The interior layout, fit and finish
Driving position and dashboard
Fans of lofty driving positions will love the Sorento, especially because the driver’s seat is comfortable and has a decent amount of side support. Entry-level 2 trim does without adjustable lumbar support for its manually adjusted seats – a potential problem for some on longer journeys. Move up to 3 and you get two-way lumbar adjustment for the electrically operated leather seat, while 4 brings four-way lumbar adjustment and adds a memory function.
The steering wheel lines up neatly with the pedals and there’s plenty of room to perch your left foot next to the brake pedal. Gear selection is done with a space-saving rotary controller (rather than a stick) with paddles behind the wheel if you want to take control manually.
Mercifully, Kia has avoided the temptation to bury all of the heater and stereo controls within the centrally mounted touchscreen; there’s still a good old-fashioned knob to control the volume and you can tweak the interior temperature using conveniently positioned rocker switches. All versions have a 12.3in digital display behind the steering wheel (rather than analogue instrument dials). This has sharp graphics, is able to show a variety of useful information and is easy to configure using buttons on the steering wheel. It isn't quite as impressive as similar systems found in the Audi Q5, Seat Tarraco and Skoda Kodiaq, but certainly beats the Peugeot 5008’s.
Visibility, parking sensors and cameras
Perched high in the Sorento’s driving seat, you’re treated to a good view of the road ahead and the windscreen pillars don’t get in the way too much when you’re pulling out of a junctions. The view out of the big side windows is also good, although chunky rear pillars do obscure a lot of your over-the-shoulder view.
Still, all versions get front and rear parking sensors and a reversing camera, as well as full LED headlights for better visibility at night. Top-spec 4 models add a surround-view camera and a blindspot camera. The latter displays a feed from a rear-facing camera positioned in the door mirror, although it isn't something you’ll miss if you choose a cheaper trim.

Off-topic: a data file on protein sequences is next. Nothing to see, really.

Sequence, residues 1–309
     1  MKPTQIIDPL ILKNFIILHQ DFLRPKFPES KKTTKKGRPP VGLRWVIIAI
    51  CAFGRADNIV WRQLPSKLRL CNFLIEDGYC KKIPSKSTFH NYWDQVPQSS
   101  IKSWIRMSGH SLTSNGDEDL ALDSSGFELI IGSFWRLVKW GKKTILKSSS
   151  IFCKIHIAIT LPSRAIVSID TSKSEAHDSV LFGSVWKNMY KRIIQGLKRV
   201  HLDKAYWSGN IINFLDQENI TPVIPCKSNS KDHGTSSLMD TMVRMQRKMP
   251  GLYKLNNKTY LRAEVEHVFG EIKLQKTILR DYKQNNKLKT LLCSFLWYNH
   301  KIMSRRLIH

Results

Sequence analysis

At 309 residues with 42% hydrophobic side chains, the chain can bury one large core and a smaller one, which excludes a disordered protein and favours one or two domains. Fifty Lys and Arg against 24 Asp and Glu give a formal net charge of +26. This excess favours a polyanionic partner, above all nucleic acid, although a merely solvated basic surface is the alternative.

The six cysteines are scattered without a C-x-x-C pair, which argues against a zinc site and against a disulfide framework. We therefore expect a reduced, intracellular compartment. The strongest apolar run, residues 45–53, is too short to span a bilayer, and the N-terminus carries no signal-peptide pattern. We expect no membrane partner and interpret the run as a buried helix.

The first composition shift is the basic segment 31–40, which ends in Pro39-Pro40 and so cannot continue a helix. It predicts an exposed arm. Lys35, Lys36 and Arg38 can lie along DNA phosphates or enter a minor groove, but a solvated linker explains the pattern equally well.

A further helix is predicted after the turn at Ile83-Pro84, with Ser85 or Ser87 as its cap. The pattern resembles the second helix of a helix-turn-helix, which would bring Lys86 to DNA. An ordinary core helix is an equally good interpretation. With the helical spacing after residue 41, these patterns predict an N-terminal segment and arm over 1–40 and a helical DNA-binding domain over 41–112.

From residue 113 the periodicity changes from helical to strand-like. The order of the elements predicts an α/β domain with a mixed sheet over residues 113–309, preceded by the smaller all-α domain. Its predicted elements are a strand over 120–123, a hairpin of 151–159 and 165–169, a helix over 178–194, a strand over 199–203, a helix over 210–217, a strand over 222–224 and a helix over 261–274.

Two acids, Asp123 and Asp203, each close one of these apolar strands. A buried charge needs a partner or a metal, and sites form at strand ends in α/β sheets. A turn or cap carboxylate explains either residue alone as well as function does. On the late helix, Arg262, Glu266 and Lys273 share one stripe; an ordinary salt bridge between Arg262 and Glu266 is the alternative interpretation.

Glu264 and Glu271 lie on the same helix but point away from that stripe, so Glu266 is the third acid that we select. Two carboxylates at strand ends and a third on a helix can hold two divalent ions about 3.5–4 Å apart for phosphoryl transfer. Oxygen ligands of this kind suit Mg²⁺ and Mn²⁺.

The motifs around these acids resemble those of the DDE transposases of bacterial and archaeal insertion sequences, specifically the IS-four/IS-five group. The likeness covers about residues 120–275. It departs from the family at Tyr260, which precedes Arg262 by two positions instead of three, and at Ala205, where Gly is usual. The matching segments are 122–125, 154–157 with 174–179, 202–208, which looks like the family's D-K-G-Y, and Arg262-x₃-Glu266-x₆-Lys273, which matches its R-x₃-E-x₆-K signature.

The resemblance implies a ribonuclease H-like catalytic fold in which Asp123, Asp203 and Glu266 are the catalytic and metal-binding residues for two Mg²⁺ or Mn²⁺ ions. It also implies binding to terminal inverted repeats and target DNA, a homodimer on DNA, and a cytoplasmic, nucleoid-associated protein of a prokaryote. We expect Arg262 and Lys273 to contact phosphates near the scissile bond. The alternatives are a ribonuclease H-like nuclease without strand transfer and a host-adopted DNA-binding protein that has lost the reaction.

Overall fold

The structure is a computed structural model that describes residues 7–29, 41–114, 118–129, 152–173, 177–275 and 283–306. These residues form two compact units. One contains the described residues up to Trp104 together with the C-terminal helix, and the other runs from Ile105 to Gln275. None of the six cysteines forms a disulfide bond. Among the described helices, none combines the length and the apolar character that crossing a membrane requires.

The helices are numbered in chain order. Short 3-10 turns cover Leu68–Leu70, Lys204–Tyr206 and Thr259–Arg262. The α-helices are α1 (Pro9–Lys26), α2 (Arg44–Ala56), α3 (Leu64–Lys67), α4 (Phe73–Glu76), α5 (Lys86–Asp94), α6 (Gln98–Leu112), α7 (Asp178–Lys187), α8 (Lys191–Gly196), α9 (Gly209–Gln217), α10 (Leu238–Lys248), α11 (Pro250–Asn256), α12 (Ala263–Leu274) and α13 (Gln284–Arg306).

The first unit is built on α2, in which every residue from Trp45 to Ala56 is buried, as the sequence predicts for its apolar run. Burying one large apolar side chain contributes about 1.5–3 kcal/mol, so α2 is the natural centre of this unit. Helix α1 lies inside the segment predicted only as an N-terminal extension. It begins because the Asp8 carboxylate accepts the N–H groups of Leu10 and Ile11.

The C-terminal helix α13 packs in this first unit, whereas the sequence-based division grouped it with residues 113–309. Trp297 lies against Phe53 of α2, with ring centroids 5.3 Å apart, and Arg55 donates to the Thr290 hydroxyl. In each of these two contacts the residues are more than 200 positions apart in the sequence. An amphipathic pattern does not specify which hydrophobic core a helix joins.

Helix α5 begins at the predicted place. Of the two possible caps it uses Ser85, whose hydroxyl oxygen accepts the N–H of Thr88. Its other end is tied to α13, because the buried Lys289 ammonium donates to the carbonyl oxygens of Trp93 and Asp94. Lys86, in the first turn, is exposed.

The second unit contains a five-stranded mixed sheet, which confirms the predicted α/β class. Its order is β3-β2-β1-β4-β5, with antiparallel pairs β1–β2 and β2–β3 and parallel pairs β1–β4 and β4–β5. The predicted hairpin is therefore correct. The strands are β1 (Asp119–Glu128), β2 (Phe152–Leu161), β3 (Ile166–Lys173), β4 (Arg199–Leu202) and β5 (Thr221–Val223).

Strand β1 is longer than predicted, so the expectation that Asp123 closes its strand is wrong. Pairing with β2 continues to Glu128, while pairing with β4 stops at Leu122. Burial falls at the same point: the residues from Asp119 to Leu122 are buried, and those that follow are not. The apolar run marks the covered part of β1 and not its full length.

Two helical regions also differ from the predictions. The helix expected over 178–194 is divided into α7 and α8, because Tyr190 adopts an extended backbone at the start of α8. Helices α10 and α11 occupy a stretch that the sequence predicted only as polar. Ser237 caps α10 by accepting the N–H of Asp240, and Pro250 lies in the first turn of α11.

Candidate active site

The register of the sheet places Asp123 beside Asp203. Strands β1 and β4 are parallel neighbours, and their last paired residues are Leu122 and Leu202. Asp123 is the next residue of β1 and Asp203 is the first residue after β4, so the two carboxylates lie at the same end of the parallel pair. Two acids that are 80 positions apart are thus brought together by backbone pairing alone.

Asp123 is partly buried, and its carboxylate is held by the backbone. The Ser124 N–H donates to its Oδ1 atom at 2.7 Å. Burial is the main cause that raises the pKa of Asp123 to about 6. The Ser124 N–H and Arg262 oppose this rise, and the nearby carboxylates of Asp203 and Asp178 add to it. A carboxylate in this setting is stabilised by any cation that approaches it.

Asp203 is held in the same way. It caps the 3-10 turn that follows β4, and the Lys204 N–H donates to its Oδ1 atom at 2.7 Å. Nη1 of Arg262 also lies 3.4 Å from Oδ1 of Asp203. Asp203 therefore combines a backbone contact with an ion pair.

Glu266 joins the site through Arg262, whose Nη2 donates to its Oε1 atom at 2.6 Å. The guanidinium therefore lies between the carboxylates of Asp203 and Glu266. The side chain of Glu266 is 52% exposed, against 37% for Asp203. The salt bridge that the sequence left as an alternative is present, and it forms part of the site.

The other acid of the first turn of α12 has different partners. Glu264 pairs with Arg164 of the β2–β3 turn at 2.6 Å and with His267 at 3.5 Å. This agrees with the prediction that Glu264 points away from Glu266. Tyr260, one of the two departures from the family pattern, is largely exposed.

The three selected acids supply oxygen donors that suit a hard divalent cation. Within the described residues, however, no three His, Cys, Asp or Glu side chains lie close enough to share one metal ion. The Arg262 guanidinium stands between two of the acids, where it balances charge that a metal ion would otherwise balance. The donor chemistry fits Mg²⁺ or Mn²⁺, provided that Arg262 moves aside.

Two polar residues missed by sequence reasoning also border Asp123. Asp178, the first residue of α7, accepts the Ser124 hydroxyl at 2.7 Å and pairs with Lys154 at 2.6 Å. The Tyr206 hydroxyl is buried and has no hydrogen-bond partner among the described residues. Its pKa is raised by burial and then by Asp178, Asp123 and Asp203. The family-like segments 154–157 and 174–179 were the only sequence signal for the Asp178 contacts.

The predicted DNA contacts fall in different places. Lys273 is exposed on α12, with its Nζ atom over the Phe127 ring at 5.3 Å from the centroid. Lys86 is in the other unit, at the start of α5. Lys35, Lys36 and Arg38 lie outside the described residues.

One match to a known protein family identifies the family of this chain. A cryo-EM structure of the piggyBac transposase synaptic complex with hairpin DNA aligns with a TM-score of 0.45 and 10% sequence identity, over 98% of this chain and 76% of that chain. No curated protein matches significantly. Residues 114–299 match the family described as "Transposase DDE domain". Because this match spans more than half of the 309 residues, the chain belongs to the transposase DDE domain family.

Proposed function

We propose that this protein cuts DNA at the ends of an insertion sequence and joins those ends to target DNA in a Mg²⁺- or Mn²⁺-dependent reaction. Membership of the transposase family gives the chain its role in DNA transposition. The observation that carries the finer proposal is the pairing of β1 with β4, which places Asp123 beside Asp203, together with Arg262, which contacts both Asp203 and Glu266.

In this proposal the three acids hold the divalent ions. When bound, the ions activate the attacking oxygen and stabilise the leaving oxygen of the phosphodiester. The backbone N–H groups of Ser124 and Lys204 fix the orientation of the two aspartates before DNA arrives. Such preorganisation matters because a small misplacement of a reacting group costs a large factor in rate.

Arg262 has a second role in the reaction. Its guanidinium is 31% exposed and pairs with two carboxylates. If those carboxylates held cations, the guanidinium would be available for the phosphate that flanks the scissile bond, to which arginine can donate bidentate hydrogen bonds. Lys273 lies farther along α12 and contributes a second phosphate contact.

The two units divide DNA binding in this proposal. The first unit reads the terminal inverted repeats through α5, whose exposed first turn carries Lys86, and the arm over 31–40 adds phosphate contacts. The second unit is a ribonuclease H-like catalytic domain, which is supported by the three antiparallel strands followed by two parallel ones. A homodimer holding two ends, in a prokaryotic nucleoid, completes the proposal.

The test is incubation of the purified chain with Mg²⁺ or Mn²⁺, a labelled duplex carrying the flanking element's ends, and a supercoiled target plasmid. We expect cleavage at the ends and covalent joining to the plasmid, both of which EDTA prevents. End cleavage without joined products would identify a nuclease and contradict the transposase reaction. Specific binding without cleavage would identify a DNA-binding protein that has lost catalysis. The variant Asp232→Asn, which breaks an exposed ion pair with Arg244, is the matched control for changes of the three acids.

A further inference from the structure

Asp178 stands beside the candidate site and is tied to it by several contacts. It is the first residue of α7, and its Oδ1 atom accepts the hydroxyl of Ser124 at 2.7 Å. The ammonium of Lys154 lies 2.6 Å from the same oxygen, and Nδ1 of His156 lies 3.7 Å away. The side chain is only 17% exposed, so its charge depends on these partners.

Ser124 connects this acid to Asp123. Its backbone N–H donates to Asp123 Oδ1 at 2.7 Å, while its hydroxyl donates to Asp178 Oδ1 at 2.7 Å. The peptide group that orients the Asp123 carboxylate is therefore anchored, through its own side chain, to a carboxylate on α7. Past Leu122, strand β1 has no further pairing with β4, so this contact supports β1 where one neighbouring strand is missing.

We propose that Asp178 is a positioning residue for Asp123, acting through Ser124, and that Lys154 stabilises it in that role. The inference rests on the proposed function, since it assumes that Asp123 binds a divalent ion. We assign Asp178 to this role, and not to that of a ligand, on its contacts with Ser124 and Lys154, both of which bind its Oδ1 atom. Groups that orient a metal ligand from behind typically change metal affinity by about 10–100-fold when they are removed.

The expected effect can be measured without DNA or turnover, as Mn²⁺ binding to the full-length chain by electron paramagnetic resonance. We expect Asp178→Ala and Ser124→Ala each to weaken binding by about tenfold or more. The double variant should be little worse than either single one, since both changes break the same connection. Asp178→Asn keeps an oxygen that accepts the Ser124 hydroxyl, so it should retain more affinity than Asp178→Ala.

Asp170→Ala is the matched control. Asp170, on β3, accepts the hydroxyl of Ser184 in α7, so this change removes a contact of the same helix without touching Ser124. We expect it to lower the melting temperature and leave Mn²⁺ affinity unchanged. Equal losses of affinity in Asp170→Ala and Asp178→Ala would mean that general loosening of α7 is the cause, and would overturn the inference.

Sat nav and infotainment
You’ll have to make do without a built-in sat-nav if you go for entry-level 2 trim, but that’s no hardship, because Apple CarPlay and Android Auto smartphone mirroring comes as standard. This allows you to run your phone’s navigation apps through the cars 8.0in touchscreen, access your music easily and do all sorts of other handy things. The graphics aren’t the sharpest, yet the screen responds quickly enough to prods and pokes, something the Peugeot 5008’s system doesn’t always do.
Move up to 3 trim and the screen grows to 10.3in and gains far sharper, more attractive graphics. It remains responsive and gets built-in sat-nav, plus a wireless charging pad as standard. As with the lesser system, the menus are easy to fathom, making it one of the best touchscreen systems in the class. Top-spec 4 cars gain a Bose stereo with twice as many speakers as lesser Sorentos.
To avoid squabbling over who’s charging what, all three rows of seats have USB ports to plug phones and tablets into.
For the most part, there’s little to complain about in the Sorento. You’ll find lots of squidgy plastic inside, including on the insides of the rear doors – no guarantee at this price – plus chrome and piano black trimmings. All the switches work with precision and everything feels solidly screwed together.
Entry-level 2 models have cloth seats and rather plain-looking door trims. Both areas are trimmed in leather on higher-spec Sorentos, making the interior look and feel a fair bit plusher. Even so, the Peugeot 5008’s interior feels slightly more upmarket and the Q5’s also has the edge on the Sorento’s.
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